“You think you’re the only one that has a mission,” he went on, “and your mission is so unique, and you expound this missionary process over and over again with something you call a vocabulary, which in itself becomes old and decrepit.” He laughed sharply.
Mr. Shorter will turn 80 this year. Decrepitude hasn’t had a chance to catch up to him. Last week he appeared at Carnegie Hall as a featured guest with the Orpheus Chamber Orchestra, which played several of his compositions. On Tuesday “Without a Net,” easily the year’s most anticipated jazz album, will become his first release on Blue Note in more than four decades. And next Saturday he’ll be at the Walt Disney Concert Hall with the Los Angeles Philharmonic for the premiere of “Gaia,” which he wrote as a showcase for the bassist and singer Esperanza Spalding.
January 29 2013
With 'My True Story,' a New Orleans legend pays tribute to classics from his youth
By Melinda Newman
Growing up in the Calliope housing project in New Orleans, Aaron Neville surrounded himself with music. The voices of Clyde McPhatter, Pookie Hudson & the Spaniels, and Sonny Til & the Orioles accompanied him in his head as he started his own musical journey cutting his first record in 1960.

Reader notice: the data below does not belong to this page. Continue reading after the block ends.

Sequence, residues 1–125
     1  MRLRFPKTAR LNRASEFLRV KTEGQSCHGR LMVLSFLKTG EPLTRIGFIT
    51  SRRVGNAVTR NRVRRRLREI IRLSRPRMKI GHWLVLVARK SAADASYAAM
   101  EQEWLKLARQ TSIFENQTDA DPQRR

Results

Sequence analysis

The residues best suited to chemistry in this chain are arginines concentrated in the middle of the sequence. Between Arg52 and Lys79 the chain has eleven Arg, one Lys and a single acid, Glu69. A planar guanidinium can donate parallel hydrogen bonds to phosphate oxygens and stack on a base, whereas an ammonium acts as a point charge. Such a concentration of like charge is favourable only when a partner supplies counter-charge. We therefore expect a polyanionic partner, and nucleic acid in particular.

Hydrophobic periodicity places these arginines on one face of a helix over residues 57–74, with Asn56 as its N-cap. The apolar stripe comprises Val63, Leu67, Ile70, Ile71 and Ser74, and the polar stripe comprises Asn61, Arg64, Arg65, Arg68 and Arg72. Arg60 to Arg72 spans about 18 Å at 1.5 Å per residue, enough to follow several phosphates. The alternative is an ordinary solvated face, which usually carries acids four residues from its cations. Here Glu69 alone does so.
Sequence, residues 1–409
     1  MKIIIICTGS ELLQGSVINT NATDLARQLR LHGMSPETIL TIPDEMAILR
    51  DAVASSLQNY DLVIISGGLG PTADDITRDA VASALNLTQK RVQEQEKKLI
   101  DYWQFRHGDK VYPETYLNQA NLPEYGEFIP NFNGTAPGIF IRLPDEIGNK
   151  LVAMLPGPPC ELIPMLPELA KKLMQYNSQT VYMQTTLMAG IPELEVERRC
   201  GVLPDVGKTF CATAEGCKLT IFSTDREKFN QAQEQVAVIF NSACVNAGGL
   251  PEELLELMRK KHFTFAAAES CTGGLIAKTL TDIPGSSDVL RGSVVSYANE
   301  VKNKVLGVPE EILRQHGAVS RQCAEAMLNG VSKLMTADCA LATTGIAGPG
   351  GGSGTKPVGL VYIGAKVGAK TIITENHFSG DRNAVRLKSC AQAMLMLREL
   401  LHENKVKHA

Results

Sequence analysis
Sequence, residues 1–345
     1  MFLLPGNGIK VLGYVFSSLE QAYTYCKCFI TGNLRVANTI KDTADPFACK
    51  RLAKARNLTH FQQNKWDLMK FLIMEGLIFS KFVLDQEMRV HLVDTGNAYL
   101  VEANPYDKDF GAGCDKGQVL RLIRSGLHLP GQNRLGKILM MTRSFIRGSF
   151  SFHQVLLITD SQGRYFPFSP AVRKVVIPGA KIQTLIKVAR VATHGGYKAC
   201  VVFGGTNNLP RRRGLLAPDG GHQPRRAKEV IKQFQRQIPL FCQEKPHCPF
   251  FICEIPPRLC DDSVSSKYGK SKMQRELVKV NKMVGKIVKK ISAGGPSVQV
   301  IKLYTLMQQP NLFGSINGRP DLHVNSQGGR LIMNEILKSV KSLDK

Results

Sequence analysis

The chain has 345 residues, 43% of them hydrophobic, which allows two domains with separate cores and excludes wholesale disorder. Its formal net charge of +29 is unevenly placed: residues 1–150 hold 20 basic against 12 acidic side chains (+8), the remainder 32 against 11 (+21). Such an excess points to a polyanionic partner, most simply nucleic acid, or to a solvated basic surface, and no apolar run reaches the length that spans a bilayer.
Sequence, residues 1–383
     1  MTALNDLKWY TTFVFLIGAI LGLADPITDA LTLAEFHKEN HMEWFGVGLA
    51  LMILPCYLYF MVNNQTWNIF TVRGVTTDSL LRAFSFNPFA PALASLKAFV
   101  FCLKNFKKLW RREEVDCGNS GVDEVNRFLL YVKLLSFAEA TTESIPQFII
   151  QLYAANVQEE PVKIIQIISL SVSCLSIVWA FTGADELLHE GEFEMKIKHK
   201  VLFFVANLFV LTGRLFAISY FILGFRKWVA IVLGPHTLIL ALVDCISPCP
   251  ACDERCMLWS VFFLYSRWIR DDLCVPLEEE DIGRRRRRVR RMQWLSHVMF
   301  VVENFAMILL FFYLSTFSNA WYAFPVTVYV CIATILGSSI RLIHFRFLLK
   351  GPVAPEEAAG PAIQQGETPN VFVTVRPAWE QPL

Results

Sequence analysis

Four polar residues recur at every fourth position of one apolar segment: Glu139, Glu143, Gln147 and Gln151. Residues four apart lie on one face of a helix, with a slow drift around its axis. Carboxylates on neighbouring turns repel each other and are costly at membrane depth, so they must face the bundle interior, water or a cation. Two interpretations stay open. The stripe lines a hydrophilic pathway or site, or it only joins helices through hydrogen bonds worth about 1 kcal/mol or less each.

Though he turns 72 this week, Neville admits he felt "like a kid in the candy store" as he recorded "My True Story," a collection of doo-wop-era songs co-produced by Don Was and the Rolling Stones' Keith Richards on Blue Note Records. On the 11-track set, the multiple Grammy winner revisits "Be My Baby," "This Magic Moment" and "Tears on My Pillow," among others, bringing his own inimitable vibrato to such classics.
In March, PBS will air "Aaron Neville: Doo Wop: My True Story," a concert special also featuring Paul Simon, Joan Osborne, Jive Five's Eugene Pitt, (who co-wrote the album's title track) and the Del-Vikings' Dickie Harmon. Neville's tour starts April 13 and includes a closing-night slot at the New Orleans Jazz Festival as a solo act, since he left his sibling act, the Neville Brothers, last year.
Neville, who now lives in New York with his second wife, Sarah, talked to MSN about the wild licks of Richards, whom he listens to when times are tough, and his furry friend, Turks.